Photo Credit | Elsa Noblet (on Unsplash)

By MWN Admin

As a country, the next few weeks are full of uncertainty and this can be particularly worrying for individuals, families and communities. On the 23rd of March, the Prime Minister announced stricter guidelines on social distancing and isolation to help curb the Coronavirus (COVID-19) pandemic which includes everyone working from home, if available.

The idea of working from home, for some, will bring about a whole new array of challenges but we are determined to help everyone, including our own staff, supporters, volunteers and members, to face the challenges head on. Recognising that we all have families, from children to elderly parents/in-laws/grandparents, means the idea of working from home will take some adjustment.

Below, are five points to hopefully make the process less intimidating and stressful:

1. Set up your workspace.

Separate your workspace from your home space to create a physical and mental gap between home and work. If you have a study or spare room, make the most of it and if you can set up near a window for fresh air even better! Try not to move around too much in terms of changing your workplace as routine is key, but you need to find somewhere that is comfortable for you. Try and decorate your workspace with plants and pictures to inspire you.

Remember that health and safety precautions still apply, so remember;

- To check your seating position, have a comfortable chair and whether your desk it at the right height.

- To tuck extension leads and cables for telephones, computers and printers away

- Your working space should have adequate lighting levels, ventilation and be the average room temperature.

2. Set ground rules for the family

Setting up ground rules for your family will keep the balance between work and home life.

Some possible ground rules;

- When I am in this room/space then it means I am working

- If you need anything from me, pass a note/knock lightly on the door

- Be patient. I will have breaks at this time (stipulate time) so if you can wait until then

3. Create a work plan

This could include a rota (either created by you or your management), scheduled breaks (go for a walk or exercise and spend time away from your desk) and do daily check-ins with your manager and co-workers.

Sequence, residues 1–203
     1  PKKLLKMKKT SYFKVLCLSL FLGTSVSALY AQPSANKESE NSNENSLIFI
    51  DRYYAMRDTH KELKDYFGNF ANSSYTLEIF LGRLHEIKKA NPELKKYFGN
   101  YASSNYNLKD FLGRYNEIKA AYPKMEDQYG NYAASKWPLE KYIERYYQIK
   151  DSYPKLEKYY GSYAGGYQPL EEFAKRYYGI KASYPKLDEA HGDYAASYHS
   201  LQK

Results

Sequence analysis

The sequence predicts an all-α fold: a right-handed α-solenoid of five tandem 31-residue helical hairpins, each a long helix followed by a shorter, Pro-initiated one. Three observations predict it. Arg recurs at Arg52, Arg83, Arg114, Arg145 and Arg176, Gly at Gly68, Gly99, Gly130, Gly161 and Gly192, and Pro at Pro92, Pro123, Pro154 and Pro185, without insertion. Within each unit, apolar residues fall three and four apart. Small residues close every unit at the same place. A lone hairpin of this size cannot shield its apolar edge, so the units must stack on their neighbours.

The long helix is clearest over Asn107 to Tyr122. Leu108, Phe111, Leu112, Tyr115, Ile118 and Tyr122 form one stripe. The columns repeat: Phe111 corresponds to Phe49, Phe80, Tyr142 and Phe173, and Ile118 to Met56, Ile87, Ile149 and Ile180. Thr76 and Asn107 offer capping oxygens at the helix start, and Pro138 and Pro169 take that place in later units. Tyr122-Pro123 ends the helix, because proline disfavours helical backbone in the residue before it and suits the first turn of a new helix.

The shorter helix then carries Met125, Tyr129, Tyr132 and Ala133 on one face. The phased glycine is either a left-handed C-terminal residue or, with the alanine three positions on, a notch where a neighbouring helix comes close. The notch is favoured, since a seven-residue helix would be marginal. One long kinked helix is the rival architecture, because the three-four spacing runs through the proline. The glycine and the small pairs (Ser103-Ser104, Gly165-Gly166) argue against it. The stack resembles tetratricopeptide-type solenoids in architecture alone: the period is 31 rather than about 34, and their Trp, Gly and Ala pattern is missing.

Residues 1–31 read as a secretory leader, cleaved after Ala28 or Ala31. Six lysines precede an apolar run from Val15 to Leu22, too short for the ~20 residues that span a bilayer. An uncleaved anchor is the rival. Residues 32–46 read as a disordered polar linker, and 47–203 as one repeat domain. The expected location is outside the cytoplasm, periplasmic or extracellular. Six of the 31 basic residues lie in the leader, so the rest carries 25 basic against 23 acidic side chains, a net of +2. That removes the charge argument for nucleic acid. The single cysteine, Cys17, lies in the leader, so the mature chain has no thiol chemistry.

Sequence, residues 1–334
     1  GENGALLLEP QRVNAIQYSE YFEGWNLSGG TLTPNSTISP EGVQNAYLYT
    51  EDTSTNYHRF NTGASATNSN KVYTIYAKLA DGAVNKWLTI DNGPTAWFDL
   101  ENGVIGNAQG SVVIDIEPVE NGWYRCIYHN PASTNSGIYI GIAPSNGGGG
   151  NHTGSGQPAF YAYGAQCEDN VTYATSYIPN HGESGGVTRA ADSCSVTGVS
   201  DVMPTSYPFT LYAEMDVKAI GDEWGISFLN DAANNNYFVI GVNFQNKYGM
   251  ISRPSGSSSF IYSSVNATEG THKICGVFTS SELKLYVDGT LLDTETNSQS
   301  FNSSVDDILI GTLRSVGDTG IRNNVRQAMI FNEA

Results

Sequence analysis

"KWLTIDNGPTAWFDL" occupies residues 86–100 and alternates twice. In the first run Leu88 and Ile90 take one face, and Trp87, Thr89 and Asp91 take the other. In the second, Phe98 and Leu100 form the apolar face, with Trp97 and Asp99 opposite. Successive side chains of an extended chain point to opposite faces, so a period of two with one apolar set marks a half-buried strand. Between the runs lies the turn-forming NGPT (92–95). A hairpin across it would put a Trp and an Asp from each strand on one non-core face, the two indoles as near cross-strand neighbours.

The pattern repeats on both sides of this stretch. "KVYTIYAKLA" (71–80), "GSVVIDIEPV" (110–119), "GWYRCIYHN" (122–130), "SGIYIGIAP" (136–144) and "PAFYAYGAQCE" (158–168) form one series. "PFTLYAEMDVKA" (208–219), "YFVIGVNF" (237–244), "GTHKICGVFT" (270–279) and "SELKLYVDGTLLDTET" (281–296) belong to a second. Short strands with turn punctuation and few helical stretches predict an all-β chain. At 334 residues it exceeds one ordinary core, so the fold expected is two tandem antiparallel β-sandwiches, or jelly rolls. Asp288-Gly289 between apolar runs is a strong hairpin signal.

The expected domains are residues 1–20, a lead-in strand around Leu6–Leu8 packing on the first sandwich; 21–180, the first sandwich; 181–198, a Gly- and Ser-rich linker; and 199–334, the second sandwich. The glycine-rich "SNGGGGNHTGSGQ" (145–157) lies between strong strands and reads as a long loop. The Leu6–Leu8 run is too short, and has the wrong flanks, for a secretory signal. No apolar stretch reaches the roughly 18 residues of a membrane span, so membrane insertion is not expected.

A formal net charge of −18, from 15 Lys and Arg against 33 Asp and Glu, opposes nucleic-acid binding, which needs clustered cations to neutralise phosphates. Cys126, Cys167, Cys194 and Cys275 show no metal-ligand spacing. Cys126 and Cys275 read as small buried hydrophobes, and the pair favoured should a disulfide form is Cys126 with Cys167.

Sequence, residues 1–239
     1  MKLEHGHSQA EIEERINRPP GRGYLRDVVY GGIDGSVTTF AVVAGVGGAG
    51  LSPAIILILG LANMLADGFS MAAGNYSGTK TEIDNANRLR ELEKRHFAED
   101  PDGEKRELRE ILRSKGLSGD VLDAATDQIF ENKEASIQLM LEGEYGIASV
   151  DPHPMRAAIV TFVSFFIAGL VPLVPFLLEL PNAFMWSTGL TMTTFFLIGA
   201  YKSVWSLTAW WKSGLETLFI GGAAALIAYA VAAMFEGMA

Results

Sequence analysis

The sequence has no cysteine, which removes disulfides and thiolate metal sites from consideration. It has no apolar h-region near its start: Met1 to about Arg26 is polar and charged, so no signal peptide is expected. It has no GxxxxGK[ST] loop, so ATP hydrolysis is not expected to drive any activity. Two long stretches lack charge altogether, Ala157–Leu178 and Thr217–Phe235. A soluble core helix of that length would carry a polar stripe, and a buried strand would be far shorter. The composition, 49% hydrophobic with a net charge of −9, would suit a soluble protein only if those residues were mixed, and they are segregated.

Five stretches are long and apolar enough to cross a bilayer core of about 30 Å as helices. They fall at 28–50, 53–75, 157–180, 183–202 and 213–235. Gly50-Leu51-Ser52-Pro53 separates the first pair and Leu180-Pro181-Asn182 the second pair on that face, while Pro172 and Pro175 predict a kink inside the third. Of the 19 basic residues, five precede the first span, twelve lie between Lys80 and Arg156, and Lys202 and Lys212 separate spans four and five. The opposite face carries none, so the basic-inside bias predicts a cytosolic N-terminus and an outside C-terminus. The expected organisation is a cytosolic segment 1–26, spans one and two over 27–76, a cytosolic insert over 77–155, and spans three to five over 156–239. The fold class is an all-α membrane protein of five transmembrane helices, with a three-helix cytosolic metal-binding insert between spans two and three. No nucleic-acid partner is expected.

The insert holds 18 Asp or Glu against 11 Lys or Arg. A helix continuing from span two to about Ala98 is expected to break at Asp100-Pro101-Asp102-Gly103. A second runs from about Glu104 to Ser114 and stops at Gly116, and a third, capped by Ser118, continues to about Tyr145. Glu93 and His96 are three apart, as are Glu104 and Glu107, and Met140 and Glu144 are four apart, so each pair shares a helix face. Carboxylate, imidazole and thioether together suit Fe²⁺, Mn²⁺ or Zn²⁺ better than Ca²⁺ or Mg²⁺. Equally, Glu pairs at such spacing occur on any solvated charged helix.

4. Move and breathe

Working from home does not mean you have to stay cooped up indoors all day (unless you are self-isolating!) Even a 20-minute walk up and down your road is good for you so get out and enjoy the fresh air. It will also help undo mental blocks and give you a fresh pair of eyes for any tasks youa're struggling with. If you are self-isolating, don't forget to breath and try a bit of mindfulness and self-care.

5. Ask for help

If you are struggling emotionally, feeling isolated or the technology is frustrating you speak to someone.

We’d ask that you continue using a common sense approach and guidance says that the best way to prevent the spread ofcovid-19 is:

  • Wash your hands often with soap(or soap substitutes) and water for at least 20 seconds (the time it takes to sing Happy Birthday twice ).
  • Use an alcohol-based hand sanitiser that contains at least 60% alcohol if soap and water are not available.
  • Cover your cough or sneeze with a tissue, then throw the tissue in a bin.
  • Clean and disinfect frequently touched objects and surfaces in the home and work environment.
  • Avoid touching your eyes, nose, and mouth with unwashed hands.

As you may all know by now, the following symptoms may develop in the 14 days after exposure to someone who hascovid-19 infection:

  • A cough
  • A high temperature
  • Shortness of breath

If you are worried about symptoms, please call NHS 111or go to the NHS 111 coronavirus advice website.

The latest advice and developments on the COVID-19 situation can be found on the website.

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